- HAVE A WRITTEN LIST OF QUESTIONS TO WHICH YOU CAN REFER TO.
Just as you would do before going to a PPT meeting, you should write down any questions you have so that you do not forget to ask them. I encourage you to write down a list of questions you have for me so you can refer to the list during the initial legal consultation. If your loved ones and anyone else you trust have specific questions, write those down in advance as well. Just trust me on this one: you will not be able to concentrate on the wealth of information I provide you with during the initial legal consultation if you are thinking of your next question!
- BRING OR FORWARD COPIES OF ALL THE DOCUMENTS YOU HAVE THAT ARE RELEVANT TO YOUR CHILD’S EDUCATION.
Often time your child’s education records that thought meant nothing to you could mean everything to me best advocating for your child. If you have copies of your child’s evaluations, assessments, progress reports and the like, please bring them in or forward them to us so we can review them during your appointment. Sometimes these your child’s records can explain the causes of action and potential claims better than you, the potential client, can!
- BE READY TO TAKE A FEW NOTES.
It can be difficult to remember what you discussed with me days or even weeks later when the situation arises again. My office and I encourage all potential new clients to take a few notes on important discussion topics during the initial legal consultation, so they have something to jog their memory later. Additionally, there may be follow-up information or documents we need you to obtain before we can take the next step, and it is always helpful to have those type of instructions written down.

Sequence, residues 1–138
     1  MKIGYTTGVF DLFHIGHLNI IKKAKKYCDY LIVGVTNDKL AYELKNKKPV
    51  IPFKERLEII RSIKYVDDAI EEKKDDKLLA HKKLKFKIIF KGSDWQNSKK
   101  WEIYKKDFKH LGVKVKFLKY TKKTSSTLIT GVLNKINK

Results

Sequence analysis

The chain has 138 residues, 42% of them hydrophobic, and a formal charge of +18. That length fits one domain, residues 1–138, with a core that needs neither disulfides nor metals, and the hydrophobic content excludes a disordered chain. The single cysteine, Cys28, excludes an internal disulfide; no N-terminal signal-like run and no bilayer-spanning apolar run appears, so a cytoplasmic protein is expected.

- ADULT DECISIONS REQUIRE ADULT ATTENDANCE, DO EXPECT YOUR FAMILY MEMBERS TO SIT IN THE WAITING AREA DURING YOUR APPOINTMENT.
Given that your child’s education is a joint and mutual parental decision, it is important that both parents (or the parent with educational decision-making authority if separated or divorced) personally attend the initial legal consultation. For parents that are divorced, please refer to my published law article, Divorce and Special Education: A Primer For Family Law Attorneys and Divorced Parents of a Child with a Disability.
I recommend that you confer with your trusted loved ones before going into the initial consultation so that you are able to get answers to their questions. Due to the current Coronavirus pandemic, our practice also offers virtual video appointments.
- THE INITIAL LEGAL CONSULTATION IS MORE OR LESS ABOUT ONE HOUR.